GREAT FALLS— According to a study released by the Urban Indian Health Institute in November 2018, Montana has the fifth highest rate of missing and murdered Indigenous women (MMIW) of all 50 states. That same research ranked Great Falls in the top 10 cities with the highest number of MMIW cases not in law enforcement records.
Following the high-profile coverage of several such incidents, such as the disappearance of Ashley Loring HeavyRunner, officials in Cascade County are working to change this reality.
The Cascade County Human Trafficking Task Force was initially formed several years ago, to “help coordinate the efforts of law enforcement, service providers & community groups in Cascade County […] in their work to investigate & prosecute traffickers, to assist victims, and to increase awareness & prevention.” Following their latest meeting at the Great Falls YWCA, however, the task force decided to refocus its efforts to also include the missing and murdered Indigenous women crisis.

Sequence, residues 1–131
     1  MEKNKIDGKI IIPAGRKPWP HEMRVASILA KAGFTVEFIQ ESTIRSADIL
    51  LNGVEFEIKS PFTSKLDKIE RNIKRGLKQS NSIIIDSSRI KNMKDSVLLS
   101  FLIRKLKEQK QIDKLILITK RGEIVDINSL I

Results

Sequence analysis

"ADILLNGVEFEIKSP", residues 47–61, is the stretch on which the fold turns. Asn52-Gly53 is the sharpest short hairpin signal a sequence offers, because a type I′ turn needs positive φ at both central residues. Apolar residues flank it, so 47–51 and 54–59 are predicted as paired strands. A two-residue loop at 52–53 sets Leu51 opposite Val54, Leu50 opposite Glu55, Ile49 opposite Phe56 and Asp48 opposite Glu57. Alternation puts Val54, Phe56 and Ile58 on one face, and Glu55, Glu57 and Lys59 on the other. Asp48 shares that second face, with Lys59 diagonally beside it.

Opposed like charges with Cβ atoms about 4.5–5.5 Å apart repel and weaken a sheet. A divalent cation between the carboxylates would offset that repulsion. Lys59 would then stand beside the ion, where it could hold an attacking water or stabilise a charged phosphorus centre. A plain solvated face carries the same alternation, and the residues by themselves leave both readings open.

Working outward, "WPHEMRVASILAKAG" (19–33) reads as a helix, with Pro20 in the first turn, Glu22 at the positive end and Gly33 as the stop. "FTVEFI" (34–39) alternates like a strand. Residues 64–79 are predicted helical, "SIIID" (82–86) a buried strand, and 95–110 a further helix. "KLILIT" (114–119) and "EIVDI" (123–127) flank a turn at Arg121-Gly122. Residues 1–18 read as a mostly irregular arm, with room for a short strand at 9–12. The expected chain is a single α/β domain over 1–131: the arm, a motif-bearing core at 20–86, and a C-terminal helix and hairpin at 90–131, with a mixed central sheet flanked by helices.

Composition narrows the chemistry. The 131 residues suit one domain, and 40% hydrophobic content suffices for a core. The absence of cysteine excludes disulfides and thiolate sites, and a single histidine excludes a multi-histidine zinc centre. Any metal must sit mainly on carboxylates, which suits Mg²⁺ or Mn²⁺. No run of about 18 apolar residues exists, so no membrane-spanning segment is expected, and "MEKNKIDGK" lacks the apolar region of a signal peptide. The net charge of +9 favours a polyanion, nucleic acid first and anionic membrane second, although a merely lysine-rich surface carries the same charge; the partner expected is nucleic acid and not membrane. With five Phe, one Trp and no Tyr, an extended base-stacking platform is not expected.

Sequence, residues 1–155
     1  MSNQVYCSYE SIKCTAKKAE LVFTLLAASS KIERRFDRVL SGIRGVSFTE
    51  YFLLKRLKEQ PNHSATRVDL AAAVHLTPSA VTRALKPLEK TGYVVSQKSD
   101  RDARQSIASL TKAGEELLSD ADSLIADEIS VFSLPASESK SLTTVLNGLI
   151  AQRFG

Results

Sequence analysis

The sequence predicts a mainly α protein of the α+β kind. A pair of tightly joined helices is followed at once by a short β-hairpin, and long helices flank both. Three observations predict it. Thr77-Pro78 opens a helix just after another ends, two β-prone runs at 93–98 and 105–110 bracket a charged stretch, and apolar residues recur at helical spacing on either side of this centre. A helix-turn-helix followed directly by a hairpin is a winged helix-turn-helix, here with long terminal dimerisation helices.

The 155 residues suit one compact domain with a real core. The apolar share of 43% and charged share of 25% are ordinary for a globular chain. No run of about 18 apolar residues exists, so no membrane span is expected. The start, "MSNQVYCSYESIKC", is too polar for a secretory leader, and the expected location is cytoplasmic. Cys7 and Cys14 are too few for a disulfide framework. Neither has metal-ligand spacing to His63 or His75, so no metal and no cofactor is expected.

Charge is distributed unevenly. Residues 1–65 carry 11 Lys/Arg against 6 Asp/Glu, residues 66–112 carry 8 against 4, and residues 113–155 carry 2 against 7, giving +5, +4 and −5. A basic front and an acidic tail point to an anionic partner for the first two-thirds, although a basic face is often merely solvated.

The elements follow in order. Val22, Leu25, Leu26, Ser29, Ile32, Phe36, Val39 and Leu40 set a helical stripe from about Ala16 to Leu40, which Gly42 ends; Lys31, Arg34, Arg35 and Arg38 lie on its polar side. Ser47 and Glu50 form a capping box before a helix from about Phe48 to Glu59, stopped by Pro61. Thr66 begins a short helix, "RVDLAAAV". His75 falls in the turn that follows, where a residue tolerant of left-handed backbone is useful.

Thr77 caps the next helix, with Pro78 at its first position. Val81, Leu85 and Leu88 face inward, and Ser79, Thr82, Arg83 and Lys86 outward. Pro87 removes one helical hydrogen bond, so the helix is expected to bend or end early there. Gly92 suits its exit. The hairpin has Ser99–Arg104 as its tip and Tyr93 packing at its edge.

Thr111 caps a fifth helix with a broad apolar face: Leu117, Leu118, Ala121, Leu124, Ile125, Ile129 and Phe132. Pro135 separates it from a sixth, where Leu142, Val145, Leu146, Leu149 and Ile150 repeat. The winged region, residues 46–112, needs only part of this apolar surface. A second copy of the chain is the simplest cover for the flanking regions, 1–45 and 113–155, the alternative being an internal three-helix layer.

The Cascade County Human Trafficking and MMIW Task Force, as it is now known, will incorporate voices from the Cascade County Sheriff’s Office, the Cascade County Juvenile Detention Center (JDC), and Great Falls Public Schools (GFPS). The task force’s primary objectives are fostering education, raising awareness, and bolstering prevention efforts on the local level.
A sampling of task force members includes Jesse Slaughter, the Cascade County Sheriff; Linda Mettam, a community activist and JDC board member; Melissa Belderrain of A21, a nonprofit organization combating modern-day slavery; and Jordan Forster, the Indian Education for All immersion coach for GFPS.
Zachary Schermele reporting for MTN